India Train Crash Death Toll Reaches 280

GAISAL, India -- Crews poring over the wreckage of two trains that collided in India shifted their efforts from rescue to recovery yesterday, removing more bodies as the death toll climbed to 280.

With no hope of finding more survivors, weary rescue workers at Gaisal station, some 250 miles north of Calcutta, took a four-hour break -- their first in 48 hours.

The crash, in which 297 people were injured, occurred Monday when the Awadh-Assam Express, heading for the northeastern state of Assam, and the Delhi-bound Brahmaputra Mail collided head on.

Amid Tensions, Japan and S. Korea Hold Drills

SEOUL -- Longtime rivals Japan and South Korea ran a third day of joint naval exercises despite North Korean denunciations that the maneuvers are aimed at starting a war.

The six-day Japanese-South Korean drill -- the first joint military exercise between the two countries -- is seen as a countermeasure to growing military threats from North Korea.

The exercises come amid concerns that North Korea is preparing to test a long-range ballistic missile. A year ago, it test-fired a missile that flew over Japan and landed in the Pacific.

Forest Fires Blanket Sumatra With Smoke

JAKARTA, Indonesia -- Out-of-control forest fires on Sumatra island spewed out a thick haze over Indonesia, slowing air and sea traffic while pushing air pollution to dangerous levels.

Smoke from the dry-season fires choked shipping traffic through the busy Strait of Malacca. Low visibility caused some domestic flights to be diverted, said local transportation department chief Ismanu, who goes by only one name. Sumatra's Riau province, which has been covered in smoke for several months, declared a state of emergency.

Taliban Offers Welcome to War Refugees

KABUL, Afghanistan -- The ruling Taliban offered amnesty to its retreating foes and temporary shelter to hundreds of thousands of people displaced by a week-long offensive north of Kabul.

The Taliban's leader, Mohammad Omar, promised protection for those who joined his "Islamic emirate" and said those continuing to oppose it would be regarded as rebels. His statement was seen as a thinly veiled offer to fighters loyal to opposition leader Ahmed Shah Massoud to defect, a common practice in the country's 20-year war.

Death Sentences in Vietnam Corruption Trial

HANOI -- Six people were sentenced to death and six others to life in prison in Vietnam's biggest corruption trial.

All 77 defendants, including 18 bank executives, were convicted on charges of fraud in appropriating state property. Punishment for other defendants ranged from 30-month suspended sentences to 20 years in prison, a court official in Ho Chi Minh City said.


Reformist Newspaper Shut Down in Iran

TEHRAN -- Iran's hard-line clerical court has banned the country's leading pro-reform newspaper for five years and barred its publisher from journalism, the official IRNA news agency said.

It said the court ordered a ban on the daily Salam for printing secret documents, while publisher and managing editor Mohammad Mousavi-Khoeiniha, a powerful leftist cleric, was suspended from journalism for three years.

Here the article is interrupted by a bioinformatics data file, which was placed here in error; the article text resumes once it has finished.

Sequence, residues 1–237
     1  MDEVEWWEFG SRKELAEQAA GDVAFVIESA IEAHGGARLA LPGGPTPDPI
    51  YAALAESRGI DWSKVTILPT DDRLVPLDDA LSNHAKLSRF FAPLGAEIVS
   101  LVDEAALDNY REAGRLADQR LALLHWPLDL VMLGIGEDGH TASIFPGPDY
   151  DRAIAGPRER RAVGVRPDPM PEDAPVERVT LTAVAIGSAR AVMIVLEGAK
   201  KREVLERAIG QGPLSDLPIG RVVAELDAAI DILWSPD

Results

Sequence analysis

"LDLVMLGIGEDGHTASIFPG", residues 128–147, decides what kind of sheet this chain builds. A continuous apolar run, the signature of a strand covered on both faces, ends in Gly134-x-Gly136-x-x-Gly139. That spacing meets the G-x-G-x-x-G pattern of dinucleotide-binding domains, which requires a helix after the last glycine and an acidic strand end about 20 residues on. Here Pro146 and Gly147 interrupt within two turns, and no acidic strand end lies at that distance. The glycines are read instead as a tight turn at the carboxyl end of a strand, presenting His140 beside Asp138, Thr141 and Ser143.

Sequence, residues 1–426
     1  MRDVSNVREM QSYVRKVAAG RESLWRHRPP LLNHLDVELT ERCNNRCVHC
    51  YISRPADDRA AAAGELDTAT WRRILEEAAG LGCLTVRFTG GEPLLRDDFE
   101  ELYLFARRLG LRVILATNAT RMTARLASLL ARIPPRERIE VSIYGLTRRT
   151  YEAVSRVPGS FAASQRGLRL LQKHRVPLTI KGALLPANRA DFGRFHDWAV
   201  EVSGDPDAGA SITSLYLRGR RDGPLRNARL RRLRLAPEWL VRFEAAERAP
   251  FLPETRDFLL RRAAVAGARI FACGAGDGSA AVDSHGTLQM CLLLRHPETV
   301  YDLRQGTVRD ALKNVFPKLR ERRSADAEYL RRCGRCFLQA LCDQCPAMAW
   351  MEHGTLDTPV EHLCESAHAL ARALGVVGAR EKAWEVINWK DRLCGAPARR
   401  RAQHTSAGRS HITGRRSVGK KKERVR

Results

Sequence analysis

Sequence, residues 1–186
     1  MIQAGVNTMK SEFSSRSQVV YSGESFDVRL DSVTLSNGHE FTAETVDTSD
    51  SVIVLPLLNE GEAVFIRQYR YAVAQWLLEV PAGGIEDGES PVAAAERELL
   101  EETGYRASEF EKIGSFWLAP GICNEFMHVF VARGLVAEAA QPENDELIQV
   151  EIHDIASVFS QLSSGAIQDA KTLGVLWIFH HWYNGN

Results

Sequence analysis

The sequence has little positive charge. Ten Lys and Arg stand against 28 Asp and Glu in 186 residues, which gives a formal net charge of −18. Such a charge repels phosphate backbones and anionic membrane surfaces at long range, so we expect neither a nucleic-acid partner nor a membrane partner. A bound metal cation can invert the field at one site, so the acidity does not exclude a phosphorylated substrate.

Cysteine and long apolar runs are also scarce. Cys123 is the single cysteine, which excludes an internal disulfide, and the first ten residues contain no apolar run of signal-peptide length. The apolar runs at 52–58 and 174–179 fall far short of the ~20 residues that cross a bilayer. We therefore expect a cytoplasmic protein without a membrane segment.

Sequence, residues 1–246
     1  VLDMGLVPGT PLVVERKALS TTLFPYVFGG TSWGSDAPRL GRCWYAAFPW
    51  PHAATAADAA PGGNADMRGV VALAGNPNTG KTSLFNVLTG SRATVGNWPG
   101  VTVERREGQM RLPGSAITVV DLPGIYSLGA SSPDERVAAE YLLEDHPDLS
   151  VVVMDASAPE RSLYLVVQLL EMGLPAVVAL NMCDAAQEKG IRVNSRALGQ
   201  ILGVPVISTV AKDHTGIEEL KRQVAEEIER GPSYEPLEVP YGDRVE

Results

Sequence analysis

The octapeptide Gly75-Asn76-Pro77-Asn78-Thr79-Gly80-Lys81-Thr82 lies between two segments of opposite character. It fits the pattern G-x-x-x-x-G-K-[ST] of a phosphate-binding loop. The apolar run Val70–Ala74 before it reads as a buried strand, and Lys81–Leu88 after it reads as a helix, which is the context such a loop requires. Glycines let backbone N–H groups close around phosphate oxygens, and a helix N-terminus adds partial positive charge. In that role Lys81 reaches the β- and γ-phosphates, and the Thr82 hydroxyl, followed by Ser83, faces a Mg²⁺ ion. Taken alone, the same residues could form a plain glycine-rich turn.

The ruling by the Special Court for Clergy silences one of the most influential voices backing reformist President Mohammad Khatami just seven months before parliamentary elections expected to shape the rest of his term in office.


Gorbachev's Wife Battling Leukemia

BONN -- Raisa Gorbachev, the last first lady of the Soviet Union, is seriously ill with leukemia and is "very weakened" by the disease and chemotherapy, doctors said.

Her husband, former Soviet president Mikhail Gorbachev, was at her side at the German clinic where she has been receiving treatment for an acute form of the blood cancer for 10 days, an official said.

Britain May Recognize Same-Sex Couples

LONDON -- The British government is considering recognizing same-sex couples for the first time under a new criminal compensation law, officials said.

The possible change was spurred by the bombing of a gay pub in London on April 30, the Times newspaper reported. A gay man whose partner was killed in the blast was denied compensation because the Criminal Injuries Compensation Authority does not recognize same-sex couples.

Plan to Test Beef for Dioxin Angers Belgium

BRUSSELS -- Belgium criticized as baseless the European Union's decision to order tests on all beef exports for the cancer-causing chemical dioxin and said it would officially protest the decision.

The dioxin crisis, which erupted in late May, has been Europe's biggest food health scare since mad cow disease. In May, the government's admission that meat contained high levels of dioxin triggered worldwide bans on Belgian meat, eggs and dairy products.


Nuns Who Shot Intruder Cleared of Charges

BOGOTA, Colombia -- Two nuns who made headlines when they shot an intruder in their convent were cleared of murder charges. "The nuns acted in legitimate self-defense," said a statement from the public prosecutor's office, ending a two-week investigation.

The cloistered sisters, Luz Adelia Barragan and Eva Maria Silva, admitted that on July 21 they took turns firing a .38-caliber pistol into the darkness after hearing an intruder. One killed a would-be burglar.

The nuns, who spent two nights in jail, said they had only meant to scare away the man who broke into the El Tobo convent in Tunja, 80 miles northeast of Bogota. Fed up with rampant violent crime rates, many Colombians said they sympathized with the nuns' actions.


"I want to walk into dance halls and feel like a movie star, a white one."

Sheri Roth, 22, one of many Jamaicans

seeking lighter skin -- Page A15